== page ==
In August Marine came to London to open for rising stars Altered Images, and record the BBC session at Maida Vale. Unhappily the fractious group imploded in the studio, with the result that Marc retained the name, while the rest of the band elected to continue as Allez Allez. Debut mini-album African Queen was quickly recorded in Brussels, though the new band quit Crépuscule for Scalp, a new label overseen by rock critic Gilles Verlant. The title was, incidently, an homage to Grace Jones. Thanks to the sprightly title track (also issued as a single) this debut sold in large numbers, boasting spirited vocals, funky drums, exuberant choppy guitars and lots of horns. Contemporary comparisons ranged from James Chance to A Certain Ratio to Ze Records. It was Crépuscule's loss.

Stylish and glamorous jeunesse dorée, Allez Allez signed to major label Virgin in 1982 and recorded their second album in London and Brussels with producer Martyn Ware, of Heaven 17 and the British Electric Foundation. The group co-produced Promises as the International Dance Music Corporation; Sarah Osborne also met and later married Heaven 17 singer Glenn Gregory. Flesh and Blood and Valley of the Kings were issued as singles, promoted by shows including 'new jazz' event The Joy of Mooching at the London ICA in August, a performance at an empty Haçienda in Manchester, and the more populous Torhout-Werchter festival in Belgium. Poised sophomore album Promises was released in November, issued in different sleeves around Europe, the UK edition reflecting the influence of Mondrian and De Stijl.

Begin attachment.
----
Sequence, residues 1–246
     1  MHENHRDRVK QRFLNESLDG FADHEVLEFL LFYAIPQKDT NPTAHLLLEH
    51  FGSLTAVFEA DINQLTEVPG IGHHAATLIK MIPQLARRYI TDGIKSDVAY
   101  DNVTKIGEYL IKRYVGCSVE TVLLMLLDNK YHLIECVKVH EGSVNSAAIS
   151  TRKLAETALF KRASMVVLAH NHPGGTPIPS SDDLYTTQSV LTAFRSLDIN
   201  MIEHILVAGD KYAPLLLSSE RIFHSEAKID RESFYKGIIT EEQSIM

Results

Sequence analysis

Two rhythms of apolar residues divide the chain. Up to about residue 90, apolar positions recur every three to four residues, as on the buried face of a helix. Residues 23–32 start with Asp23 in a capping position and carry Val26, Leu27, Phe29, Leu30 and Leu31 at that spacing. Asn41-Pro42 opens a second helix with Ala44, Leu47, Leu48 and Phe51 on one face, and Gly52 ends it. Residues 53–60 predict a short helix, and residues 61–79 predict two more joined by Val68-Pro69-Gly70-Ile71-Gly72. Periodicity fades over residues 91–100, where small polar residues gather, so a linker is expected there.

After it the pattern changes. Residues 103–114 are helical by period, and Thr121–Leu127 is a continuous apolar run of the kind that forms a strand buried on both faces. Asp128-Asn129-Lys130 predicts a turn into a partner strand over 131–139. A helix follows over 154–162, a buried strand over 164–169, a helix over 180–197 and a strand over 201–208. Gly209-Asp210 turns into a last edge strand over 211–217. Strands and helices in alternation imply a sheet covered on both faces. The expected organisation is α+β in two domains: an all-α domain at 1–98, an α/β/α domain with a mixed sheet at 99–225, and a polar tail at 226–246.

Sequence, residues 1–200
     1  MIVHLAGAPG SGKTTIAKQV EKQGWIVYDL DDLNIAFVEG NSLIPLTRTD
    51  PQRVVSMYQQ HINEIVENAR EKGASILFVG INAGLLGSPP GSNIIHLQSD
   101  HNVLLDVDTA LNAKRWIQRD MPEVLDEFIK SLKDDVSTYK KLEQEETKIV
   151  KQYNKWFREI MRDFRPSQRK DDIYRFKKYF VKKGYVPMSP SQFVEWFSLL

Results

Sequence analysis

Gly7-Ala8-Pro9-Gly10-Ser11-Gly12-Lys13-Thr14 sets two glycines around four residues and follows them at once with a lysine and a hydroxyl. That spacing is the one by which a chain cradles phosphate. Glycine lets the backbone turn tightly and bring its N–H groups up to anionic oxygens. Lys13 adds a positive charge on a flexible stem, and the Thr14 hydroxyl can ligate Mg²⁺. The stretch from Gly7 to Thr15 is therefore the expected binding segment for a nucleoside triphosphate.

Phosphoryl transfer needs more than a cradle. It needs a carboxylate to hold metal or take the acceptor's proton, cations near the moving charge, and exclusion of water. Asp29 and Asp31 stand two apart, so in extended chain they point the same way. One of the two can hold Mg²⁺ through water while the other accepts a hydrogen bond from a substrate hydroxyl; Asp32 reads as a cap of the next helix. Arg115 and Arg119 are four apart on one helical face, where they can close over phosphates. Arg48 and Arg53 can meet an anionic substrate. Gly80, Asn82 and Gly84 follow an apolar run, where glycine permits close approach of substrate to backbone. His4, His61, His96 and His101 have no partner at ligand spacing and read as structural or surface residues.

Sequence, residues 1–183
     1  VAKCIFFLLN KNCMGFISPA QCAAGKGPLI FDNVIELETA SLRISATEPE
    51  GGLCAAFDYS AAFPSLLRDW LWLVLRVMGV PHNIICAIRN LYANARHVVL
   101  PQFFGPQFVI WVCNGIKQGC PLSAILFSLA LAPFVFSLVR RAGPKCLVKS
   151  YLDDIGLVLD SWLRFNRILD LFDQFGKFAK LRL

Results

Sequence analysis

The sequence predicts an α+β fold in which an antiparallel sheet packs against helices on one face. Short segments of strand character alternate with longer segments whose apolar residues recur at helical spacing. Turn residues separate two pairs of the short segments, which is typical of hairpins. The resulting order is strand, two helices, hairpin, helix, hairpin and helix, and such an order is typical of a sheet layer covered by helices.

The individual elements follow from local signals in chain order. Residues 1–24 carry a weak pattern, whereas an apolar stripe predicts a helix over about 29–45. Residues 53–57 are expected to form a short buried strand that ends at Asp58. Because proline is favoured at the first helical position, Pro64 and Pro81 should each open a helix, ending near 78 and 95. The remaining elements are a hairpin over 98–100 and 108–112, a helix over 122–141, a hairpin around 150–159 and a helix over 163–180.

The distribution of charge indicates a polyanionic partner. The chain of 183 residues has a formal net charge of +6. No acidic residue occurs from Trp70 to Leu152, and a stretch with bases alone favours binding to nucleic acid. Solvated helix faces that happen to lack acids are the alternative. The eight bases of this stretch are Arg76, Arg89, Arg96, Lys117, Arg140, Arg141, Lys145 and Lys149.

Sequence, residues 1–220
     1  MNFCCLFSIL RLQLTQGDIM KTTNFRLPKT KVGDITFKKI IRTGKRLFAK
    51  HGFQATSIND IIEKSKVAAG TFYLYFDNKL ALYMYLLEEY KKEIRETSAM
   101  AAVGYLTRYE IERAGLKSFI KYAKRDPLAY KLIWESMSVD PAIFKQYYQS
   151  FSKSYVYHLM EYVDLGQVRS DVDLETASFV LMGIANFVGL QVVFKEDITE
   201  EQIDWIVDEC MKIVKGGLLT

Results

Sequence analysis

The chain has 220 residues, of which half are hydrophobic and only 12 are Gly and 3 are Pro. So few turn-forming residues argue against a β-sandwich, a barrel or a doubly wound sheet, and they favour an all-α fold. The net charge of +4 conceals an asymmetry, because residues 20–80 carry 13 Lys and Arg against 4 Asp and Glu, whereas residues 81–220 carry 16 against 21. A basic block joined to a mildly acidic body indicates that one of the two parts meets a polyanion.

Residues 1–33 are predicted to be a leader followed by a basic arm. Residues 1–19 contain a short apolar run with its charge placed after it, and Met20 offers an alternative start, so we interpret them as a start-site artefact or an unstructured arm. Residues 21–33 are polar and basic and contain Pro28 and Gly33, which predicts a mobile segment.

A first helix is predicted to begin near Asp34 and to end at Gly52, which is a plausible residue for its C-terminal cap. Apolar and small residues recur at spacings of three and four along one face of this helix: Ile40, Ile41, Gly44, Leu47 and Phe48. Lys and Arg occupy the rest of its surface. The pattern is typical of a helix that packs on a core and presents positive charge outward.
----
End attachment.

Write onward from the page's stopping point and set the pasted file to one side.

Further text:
Indeed Allez Allez were almost too smart. "From the rough exuberance of African Queen it was clear that Allez Allez were going to have a hard time finding a niche to fit themselves into," explains Belgian journalist Michael Leahy. "Their rock background brought them into the rock gig circuit, yet they wore evening jackets and cocktail dresses, and pushed their way straight to the Godhead by listening to Tamla Motown producer Norman Whitfield day and night. The resulting blend proved one of the most intriguing of the period. From 'Masterpiece' to black Africa, from The Clash to Grace Jones, Allez Allez were one of the first truly modern bands - a group that was unable to make a choice in life, so they chose to take it all."

The sextet toured Promises around Europe, after which Sarah left to pursue a solo career. The group continued with a new singer, Jackie Irwin, and issued two more singles: Don't Bother Me, and Boom Boom Boom Boom. The latter, released in 1984, was produced by Mark Kamins and edited in New York by the Latin Rascals, but proved the last hurrah for Allez Allez. Subsequently, Kris and Nico founded a successful publicity agency, while bassist Markassou found fame in France as Marka, scoring with big hit Accouplés in 1995.